Since we have two sold-out pilgrimage groups still going Israel this year and six more next year, I thought this would be interesting for two reasons: 1) To inform folks that things are calming down and will be no problem for our 2015 pilgrims (it would have been no problem even as it was); and 2) Because we will be seeing these sites and it is good for our pilgrims and our readers to understand what has been going on with Temple Mount, the Jews and the Muslims.
Before I share the article from Catholic World Report, I would like to relay the decision of Israel to reaffirm the long-standing rules regarding Temple Mount – a decision that should calm the Muslim hysteria and restore calm in Israeli-Palestinian relations, for now.
Statement by PM Netanyahu regarding the Temple Mount: “Israel re-affirms its commitment to upholding unchanged the status quo of the Temple Mount. Israel will continue to enforce its longstanding policy: Muslims pray on the Temple Mount; non-Muslims visit the Temple Mount. Those who visit or worship on the Temple Mount must be allowed to do so in peace, free from violence.”
Excellent Article from Catholic World Report: Historical Horse Sense: Palestinians have waged a long campaign to deny that Jews have any historical ties to Jerusalem and the the New York Times took up their cause recently
“Palestinians have waged a long campaign to deny that Jews have any historical ties to Jerusalem. Recently, the New York Times took up their cause by publishing an article questioning whether the First and Second Temples ever stood on the Temple Mount. Archaeologists were quick to criticize the story, and others questioned the timing and intent of the piece. Why exacerbate an already volatile situation?
“Having raised the issue, however, does the Times have any responsibility to explore the issue in more depth? Historical and archaeological evidence provides strong support for the Jewish case. So does common sense. Since the Jews were in Jerusalem for about 2,000 years before Islam came into existence, they would seem to have the better of the argument about who has the best claim to Jerusalem and the Temple Mount. But what, exactly, is the Muslim basis for claiming the Temple Mount?
“Well, to put it in a nutshell, the Mount is holy to Muslims because Muhammad supposedly flew there on a mount—a flying horse named Buraq. It had a human head and eagle’s wings and it carried Muhammad from Mecca to Jerusalem and back in one night.
“Even though there is only a fleeting reference to the journey in the Koran and even though Jerusalem is never mentioned in the Koran, this story is the foundation of the Islamic claim to the Temple Mount. The full account is provided in the Hadith and in the Sira (Life of Muhammad).
Upon reaching the “farthest Mosque” in Jerusalem, Muhammad ascends through the seven levels of Paradise, meeting various prophets along the way. Adam is on the first level, Jesus is on the second (only the second?), and Abraham (“never have I seen a man more like myself”) is on the seventh. Then Muhammad has an audience with Allah, bargains with Him about the number of daily prayers required of Muslims, and then returns to the Mosque and flies back to Mecca courtesy of Buraq.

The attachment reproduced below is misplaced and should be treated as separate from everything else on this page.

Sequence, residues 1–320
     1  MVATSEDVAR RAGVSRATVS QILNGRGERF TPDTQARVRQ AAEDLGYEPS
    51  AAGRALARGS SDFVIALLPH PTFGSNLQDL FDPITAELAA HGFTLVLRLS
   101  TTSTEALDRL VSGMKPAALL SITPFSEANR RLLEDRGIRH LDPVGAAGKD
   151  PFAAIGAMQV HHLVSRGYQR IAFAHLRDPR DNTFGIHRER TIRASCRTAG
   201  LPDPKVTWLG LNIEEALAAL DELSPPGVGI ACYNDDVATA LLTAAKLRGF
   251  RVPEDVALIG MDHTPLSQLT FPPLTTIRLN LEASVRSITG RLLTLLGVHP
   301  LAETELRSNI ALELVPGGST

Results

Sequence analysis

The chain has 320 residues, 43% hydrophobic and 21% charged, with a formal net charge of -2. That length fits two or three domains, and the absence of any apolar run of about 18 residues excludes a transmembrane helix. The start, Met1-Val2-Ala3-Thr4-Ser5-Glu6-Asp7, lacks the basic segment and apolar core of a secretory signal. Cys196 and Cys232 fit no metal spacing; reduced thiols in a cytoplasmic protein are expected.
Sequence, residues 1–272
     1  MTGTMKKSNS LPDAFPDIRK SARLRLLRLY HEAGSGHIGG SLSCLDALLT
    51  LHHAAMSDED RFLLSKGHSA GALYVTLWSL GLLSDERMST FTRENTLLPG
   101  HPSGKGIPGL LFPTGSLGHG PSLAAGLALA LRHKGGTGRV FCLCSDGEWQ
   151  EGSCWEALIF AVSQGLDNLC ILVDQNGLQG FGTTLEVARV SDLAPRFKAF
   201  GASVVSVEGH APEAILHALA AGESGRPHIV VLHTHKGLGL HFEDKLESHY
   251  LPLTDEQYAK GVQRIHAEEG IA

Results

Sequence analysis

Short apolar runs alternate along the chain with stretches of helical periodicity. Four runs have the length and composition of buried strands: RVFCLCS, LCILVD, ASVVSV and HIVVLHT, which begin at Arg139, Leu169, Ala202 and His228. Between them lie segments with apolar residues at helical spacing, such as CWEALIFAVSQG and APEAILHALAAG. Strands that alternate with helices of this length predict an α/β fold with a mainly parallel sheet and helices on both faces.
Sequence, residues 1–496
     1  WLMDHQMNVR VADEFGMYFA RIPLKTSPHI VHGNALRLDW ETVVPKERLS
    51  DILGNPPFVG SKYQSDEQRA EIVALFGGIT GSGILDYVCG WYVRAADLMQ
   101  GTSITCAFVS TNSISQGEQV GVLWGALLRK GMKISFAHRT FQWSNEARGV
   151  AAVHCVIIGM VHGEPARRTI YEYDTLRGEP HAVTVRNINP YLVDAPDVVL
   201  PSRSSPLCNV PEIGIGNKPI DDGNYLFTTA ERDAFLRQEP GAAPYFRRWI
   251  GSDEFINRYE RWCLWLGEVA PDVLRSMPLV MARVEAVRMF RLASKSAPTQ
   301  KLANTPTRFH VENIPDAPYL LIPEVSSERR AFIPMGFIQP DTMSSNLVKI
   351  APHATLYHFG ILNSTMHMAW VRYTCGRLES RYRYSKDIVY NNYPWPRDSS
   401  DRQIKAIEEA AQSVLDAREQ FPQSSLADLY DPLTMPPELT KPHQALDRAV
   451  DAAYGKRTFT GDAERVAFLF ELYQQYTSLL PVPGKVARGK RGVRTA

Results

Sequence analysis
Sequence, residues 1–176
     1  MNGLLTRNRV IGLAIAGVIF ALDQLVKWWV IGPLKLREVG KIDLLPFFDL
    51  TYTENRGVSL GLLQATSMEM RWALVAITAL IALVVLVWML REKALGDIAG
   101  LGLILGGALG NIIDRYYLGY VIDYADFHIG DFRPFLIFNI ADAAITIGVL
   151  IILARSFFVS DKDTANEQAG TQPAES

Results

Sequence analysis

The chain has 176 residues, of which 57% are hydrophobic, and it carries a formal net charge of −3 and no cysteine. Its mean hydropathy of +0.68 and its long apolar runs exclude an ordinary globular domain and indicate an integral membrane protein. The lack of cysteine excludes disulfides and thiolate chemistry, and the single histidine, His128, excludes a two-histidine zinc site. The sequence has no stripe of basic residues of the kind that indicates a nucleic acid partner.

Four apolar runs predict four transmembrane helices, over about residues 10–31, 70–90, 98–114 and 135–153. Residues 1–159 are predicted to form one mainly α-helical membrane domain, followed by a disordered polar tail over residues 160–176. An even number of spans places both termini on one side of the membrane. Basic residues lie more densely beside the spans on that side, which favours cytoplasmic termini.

“The incident is referred to as the “Night Journey” and sometimes as the “Dream Journey,” since Muhammad seems to have backed away from his initial claim that it was a bodily journey. As his wife, Aisha, explained, “The apostle’s body remained where it was but God removed his spirit by night” (Ishaq, The Life of Muhammad, 183).
“At the time of this revelation, the pagans of Mecca scoffed at the whole idea: “By God, this is a plain absurdity! A caravan takes a month to go to Syria and a month to return and can Muhammad do the return journey in one night?” (Ishaq, 182-183). The question is, are we allowed to express similar doubts today or are the forces of political correctness too strong to allow for dissent?
“The New York Times carried a piece questioning the historical ties of the Jews to the Temple Mount. Are the Times editors willing to do a similar piece examining the evidence for the Muslim claim to the same space? As Daniel Greenfield suggests in a short, satirical piece for FrontPage Magazine, the Times should give equal time to dissecting the Buraq legend. For example, says Greenfield, could the Times’ staff investigate the following:
• “Can we get any verification that such a creature [as Buraq] ever existed.”
• “Buraq flew from Mecca to Jerusalem and back in one night…Please provide independent verification of the existence of a flying horse with a woman’s head that can travel faster than the speed of sound.”
“If the Jewish claim to the Temple Mount was based on such flimsy evidence, the liberal media would make mincemeat of it. Why is the Buraq legend off-limits? Osama bin Laden famously said that “When a man sees a strong horse and a weak horse, he will, by nature, favor the strong horse.”
Compared to the Jewish case, the Muslim claim to the Temple Mount is the weak-horse argument. Buraq was reportedly strong enough to carry Muhammad on a 1,500-mile round-trip journey, but the Buraq rationale for expelling Jews from the Temple Mount shouldn’t carry much weight with fair-minded people.
“On the other hand, it doesn’t matter how weak the weak-horse claim may be if the Western media establishment is filled with weak-horse journalists unwilling to venture beyond the pastures assigned to them.”